This story originally published on PackerReport.com Sept 15,2013
The latest prolific passing day for Aaron Rodgers began with a little discomfort.
Some three hours before kickoff at Lambeau Field against the Washington Redskins, the Green Bay quarterback was dealing with a stiff neck, the product really of not being able to sleep in his own bed.
“I just slept on it wrong I guess over at the hotel,” explained Rodgers. “It’s not the hotel’s fault.”
As a result, Rodgers received some unexpected treatment from the team chiropractor before the game. It did the trick just fine. By game’s end, the only pain in the neck anyone was talking about was the one Rodgers was to the Redskins’ pass defenders.
“I didn’t feel great before the game,” said Rodgers. “I’ve got to thank my guys in the training room – Dr. Zoelle for coming over and giving me an adjustment. Because I was hurting pretty bad. I wasn’t feeling great pre-game. But once the adrenaline started going, I just kind of got into a rhythm.”
Yankees Hire a Chiropractor
Brian Cashman, Yankees General Manager said he was taking Johnny Damon’s advice and hiring a chiropractor to visit the Yankees’ clubhouse once or twice per homestand.
Damon did not start on Tuesday to give his back an extra day of rest. Damon flew home to Orlando, Fla., Sunday night and had four treatments from his personal chiropractor before flying here on Tuesday morning.
"My chiropractor is amazing," Damon said. "I just hope it translates into better results on the field, not just for me but for the team."
Cashman said he hoped Damon’s visit would help him mentally as much as physically.
"I know he feels, mentally, a heck of a lot better than what he was," Cashman said. "Tomorrow, I know Johnny feels he’s ready to lead us again. He was a major force for us last year."
Autism and Chiropractic, Studies Hold Hope
Two separate papers published in two scientific journals hold hope for children with autism through chiropractic care. One paper published in the March 2006 issue of Clinical Chiropractic reviews past studies on chiropractic and Autism. This paper recounts in clinical studies where children with autism are helped with chiropractic care. Most of the studies reviewed speak of problems in the upper cervical (neck) spine.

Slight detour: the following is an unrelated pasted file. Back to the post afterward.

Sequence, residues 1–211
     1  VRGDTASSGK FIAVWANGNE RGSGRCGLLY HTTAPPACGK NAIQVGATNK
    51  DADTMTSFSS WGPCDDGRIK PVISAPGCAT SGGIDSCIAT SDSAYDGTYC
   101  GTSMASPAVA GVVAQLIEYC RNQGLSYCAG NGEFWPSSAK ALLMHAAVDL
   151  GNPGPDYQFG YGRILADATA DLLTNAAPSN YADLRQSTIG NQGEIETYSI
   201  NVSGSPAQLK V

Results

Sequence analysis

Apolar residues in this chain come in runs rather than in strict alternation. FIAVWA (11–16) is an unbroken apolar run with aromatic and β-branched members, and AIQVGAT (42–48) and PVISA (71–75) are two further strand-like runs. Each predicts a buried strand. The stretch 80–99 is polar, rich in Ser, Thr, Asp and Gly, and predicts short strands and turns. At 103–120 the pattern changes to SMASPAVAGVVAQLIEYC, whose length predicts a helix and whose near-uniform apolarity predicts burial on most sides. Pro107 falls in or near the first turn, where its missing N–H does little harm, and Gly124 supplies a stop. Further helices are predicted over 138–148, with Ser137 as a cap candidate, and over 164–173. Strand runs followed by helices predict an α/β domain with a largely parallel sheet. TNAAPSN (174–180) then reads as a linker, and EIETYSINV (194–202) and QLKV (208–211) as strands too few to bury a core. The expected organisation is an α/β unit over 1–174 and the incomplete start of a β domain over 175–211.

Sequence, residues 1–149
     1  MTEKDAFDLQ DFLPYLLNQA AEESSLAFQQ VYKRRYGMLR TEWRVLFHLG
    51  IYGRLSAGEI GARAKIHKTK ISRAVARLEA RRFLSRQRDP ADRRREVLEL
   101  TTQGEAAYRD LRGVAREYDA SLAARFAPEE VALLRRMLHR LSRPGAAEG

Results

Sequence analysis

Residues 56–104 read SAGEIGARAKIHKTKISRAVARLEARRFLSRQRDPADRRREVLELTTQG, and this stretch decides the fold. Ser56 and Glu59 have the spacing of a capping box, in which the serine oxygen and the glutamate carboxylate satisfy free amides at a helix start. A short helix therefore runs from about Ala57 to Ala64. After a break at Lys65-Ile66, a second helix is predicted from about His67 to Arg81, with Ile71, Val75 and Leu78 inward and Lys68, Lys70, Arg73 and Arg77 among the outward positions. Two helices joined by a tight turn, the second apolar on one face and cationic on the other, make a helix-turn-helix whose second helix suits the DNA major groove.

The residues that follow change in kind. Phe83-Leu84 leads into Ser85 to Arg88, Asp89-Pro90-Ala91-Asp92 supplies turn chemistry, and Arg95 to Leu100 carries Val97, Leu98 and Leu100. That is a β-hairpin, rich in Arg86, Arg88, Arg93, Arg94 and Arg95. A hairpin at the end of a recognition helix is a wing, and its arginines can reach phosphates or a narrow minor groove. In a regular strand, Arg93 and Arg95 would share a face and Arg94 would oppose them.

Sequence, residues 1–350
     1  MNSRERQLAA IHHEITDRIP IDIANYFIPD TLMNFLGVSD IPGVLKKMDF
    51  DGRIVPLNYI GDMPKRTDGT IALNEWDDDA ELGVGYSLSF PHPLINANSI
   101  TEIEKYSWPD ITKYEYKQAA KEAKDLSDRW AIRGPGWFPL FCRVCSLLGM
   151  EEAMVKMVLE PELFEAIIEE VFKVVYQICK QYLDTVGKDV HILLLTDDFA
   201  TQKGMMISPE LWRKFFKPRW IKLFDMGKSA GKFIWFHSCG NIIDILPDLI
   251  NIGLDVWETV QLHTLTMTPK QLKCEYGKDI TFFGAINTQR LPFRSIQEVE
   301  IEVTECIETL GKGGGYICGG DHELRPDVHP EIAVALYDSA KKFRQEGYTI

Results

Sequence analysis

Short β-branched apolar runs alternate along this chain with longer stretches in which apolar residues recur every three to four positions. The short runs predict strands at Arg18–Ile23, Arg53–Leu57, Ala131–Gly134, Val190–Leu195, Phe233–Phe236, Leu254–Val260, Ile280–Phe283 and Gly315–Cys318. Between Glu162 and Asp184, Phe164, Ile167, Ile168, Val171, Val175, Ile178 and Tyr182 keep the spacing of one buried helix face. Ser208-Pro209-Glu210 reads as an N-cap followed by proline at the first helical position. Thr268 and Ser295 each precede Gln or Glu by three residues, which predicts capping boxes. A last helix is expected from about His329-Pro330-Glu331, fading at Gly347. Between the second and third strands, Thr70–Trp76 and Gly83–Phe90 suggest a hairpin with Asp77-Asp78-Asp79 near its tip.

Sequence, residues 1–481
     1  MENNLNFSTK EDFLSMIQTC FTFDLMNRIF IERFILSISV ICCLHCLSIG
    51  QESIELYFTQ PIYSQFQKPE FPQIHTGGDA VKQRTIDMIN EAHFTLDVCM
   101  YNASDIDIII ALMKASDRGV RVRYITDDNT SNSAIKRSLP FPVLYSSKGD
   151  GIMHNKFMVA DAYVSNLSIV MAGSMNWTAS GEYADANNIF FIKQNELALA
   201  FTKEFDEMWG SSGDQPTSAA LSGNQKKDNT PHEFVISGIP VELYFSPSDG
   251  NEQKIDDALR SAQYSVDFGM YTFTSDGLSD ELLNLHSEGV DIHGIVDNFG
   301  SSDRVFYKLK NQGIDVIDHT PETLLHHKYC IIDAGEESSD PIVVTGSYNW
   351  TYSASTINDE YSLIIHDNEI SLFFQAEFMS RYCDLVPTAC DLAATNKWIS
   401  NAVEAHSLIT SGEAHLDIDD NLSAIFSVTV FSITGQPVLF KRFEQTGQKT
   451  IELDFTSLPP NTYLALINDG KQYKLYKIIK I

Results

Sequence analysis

In addition to the Clinical Chiropractic paper, a study published in the March 9, 2006 Journal of Vertebral Subluxation (JVSR) compares two groups of children with autism and their response under chiropractic care. In this study 14 children diagnosed with autism were studied undergoing chiropractic care. Seven of these children received one form of chiropractic adjustments focusing on the entire spine while the other seven received a form of chiropractic adjustment focusing on the upper cervical spine.
The children in this study were diagnosed with autism at the Child Evaluation Center at the University of Louisville Medical School. The evaluation of any progress made was done by using the Autism Treatment Evaluation Checklist (ATEC) created by the researchers at the Autism Research Institute of San Diego, California. According to the JVSR study, the ATEC is a one-page questionnaire designed to be completed by parents, teachers, or caretakers. It consists of 4 subsets: I. Speech/Language Communication (14 items); II. Sociability (20 items); III. Sensory/Cognitive Awareness (18 items); and IV. Health/Physical/Behavior (25 items).
Each of the children in this study were scored according to the ATEC evaluation. Then, twice each week for the following 3 months, the children were checked and adjusted as indicated. Follow up ATEC evaluations were performed each month to monitor the progress.
The results showed that improvement of ATEC scores occurred in six of the seven children under upper cervical adjustment and in five of the seven children under full spine adjustment. The children in the upper cervical group did show greater score improvements overall. In this group, two of the children improved so much that they no longer met the criteria to be classified as autistic. Overall, the study noted that the most common clinical aspects of improvement were in communication, verbal skills, eye contact, mood, and physical sport skills.